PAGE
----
Human in the Loop
There are various possibilities for a Human in the Loop, in the context of AI. In general, it is assumed that humans have better intuition and can adapt better to unusual situations than a machine. That’s the reason, for example, for allowing humans to override AI outputs based on business rules. Another way to approach this is allowing for humans to provide inputs that will change the AI computations, according to exceptional situations that eventually come up, such as an unforeseen catastrophe.
ML at Scale
When implementing AI, in real-world applications, we would like to deploy it at scale. It ultimately requires ML at Scale, or any of the possible underlying methods to be easily scalable. In this context, that system must be able to process data which are: scattered between multiple users or customers, in large volumes, and received at a high frequency; and, also, be able to return outputs with low latency.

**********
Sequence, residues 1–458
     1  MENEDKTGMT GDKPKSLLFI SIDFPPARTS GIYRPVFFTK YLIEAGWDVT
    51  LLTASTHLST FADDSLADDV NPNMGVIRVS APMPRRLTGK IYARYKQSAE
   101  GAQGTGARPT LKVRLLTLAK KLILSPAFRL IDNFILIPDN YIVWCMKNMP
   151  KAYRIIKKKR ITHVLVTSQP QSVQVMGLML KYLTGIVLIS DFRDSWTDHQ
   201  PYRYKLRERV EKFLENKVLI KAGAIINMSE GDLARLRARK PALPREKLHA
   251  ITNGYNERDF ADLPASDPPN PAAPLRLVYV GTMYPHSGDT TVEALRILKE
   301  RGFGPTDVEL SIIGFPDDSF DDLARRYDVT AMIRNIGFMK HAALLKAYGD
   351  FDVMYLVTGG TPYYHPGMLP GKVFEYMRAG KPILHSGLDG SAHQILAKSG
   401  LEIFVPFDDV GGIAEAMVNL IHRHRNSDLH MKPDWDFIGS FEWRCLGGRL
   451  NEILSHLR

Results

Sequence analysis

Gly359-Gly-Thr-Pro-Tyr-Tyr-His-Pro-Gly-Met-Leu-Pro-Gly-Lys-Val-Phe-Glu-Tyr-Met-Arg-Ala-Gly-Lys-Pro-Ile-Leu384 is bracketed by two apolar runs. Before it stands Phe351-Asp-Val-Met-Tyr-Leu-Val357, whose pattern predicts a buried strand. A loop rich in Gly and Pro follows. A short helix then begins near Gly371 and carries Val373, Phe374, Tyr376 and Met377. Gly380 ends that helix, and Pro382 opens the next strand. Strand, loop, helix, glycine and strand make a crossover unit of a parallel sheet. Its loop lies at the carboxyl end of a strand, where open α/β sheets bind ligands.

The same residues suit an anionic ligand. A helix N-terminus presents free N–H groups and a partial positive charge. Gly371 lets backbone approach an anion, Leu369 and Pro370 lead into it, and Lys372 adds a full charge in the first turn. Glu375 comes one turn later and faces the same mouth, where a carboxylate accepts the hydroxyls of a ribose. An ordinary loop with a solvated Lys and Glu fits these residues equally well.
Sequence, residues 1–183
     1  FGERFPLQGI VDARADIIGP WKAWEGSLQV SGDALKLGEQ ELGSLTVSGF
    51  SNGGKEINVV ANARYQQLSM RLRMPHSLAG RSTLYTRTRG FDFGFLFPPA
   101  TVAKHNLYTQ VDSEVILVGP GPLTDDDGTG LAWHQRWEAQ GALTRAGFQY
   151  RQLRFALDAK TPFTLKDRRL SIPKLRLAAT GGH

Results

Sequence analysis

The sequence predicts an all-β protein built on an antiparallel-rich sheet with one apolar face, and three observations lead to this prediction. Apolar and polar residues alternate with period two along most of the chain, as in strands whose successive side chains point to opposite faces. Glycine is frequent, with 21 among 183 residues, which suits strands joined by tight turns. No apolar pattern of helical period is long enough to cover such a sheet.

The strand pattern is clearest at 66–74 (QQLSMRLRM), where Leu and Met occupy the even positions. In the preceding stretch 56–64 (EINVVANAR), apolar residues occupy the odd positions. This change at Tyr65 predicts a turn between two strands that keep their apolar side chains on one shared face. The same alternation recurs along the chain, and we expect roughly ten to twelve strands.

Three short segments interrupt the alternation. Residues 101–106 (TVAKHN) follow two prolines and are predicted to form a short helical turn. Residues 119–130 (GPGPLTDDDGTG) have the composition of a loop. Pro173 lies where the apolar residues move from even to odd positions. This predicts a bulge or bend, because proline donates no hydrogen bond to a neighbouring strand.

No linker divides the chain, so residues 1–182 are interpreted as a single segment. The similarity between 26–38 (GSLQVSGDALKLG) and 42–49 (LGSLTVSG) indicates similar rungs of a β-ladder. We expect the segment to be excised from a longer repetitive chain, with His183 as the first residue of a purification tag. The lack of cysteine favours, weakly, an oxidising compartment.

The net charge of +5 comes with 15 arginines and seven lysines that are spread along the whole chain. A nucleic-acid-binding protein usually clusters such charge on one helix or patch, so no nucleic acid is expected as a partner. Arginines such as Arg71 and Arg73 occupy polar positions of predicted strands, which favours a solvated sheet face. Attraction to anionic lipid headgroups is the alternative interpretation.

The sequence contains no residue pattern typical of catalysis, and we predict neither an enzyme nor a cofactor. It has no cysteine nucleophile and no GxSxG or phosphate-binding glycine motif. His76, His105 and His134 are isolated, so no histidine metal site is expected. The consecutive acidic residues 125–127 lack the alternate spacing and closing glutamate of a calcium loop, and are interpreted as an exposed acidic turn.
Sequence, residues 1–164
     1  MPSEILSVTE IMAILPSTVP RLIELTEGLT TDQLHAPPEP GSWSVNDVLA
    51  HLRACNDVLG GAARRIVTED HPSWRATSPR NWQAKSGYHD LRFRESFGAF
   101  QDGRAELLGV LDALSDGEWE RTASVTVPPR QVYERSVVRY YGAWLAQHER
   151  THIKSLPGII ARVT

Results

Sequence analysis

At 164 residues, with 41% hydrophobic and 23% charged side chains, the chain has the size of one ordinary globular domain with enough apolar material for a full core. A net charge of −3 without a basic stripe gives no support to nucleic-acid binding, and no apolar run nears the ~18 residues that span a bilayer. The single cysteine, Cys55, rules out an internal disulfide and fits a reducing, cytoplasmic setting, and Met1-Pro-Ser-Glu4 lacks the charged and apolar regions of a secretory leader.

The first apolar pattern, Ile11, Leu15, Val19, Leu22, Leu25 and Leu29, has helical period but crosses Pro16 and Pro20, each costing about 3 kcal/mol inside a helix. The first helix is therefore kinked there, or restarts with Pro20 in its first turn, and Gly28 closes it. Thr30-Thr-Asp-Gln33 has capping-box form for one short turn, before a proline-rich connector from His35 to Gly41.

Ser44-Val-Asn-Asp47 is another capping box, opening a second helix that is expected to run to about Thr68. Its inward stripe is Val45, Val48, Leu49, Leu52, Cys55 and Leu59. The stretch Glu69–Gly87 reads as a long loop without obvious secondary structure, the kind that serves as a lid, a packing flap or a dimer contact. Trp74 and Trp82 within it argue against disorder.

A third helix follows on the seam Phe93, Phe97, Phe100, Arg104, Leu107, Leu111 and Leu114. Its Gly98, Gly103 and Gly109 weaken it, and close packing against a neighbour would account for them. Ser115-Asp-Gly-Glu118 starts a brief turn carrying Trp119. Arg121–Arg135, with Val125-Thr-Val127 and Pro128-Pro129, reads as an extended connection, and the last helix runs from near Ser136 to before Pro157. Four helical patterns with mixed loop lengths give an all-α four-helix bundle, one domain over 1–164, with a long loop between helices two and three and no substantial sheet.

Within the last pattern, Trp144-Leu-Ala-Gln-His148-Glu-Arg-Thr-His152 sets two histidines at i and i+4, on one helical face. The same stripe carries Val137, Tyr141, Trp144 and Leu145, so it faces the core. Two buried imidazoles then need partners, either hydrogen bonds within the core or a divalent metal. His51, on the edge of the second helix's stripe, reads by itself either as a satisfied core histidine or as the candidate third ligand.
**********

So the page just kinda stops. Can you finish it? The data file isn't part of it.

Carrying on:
As the AI field progresses, additional buzzwords will be constantly created. We, at ADC, work hard to demystify AI buzzword jargon and make it clear what is truly possible to achieve with the AI engine in our FreshIQ platform. Request a demo to learn more about the power of FreshIQ's Forecasting and explainable AI.
About the Author
Felipe Campos Penha is a Senior Data Scientist at ADC, where he works on the development of the AI engine that is behind the FreshIQ platform. Prior to joining the ADC team, Felipe was a Data Scientist and Data Analytics Manager at Neoway. He had a key role in the international expansion of that company by managing projects with US customers, especially in the Consumer and Packaged Goods Industry. He has a Physics Ph.D. in Physics and devotes part of his time to Research & Development in partnership with universities, and to outreach initiatives in Data Science by writing blog posts, creating content for YouTube, and giving talks and interviews.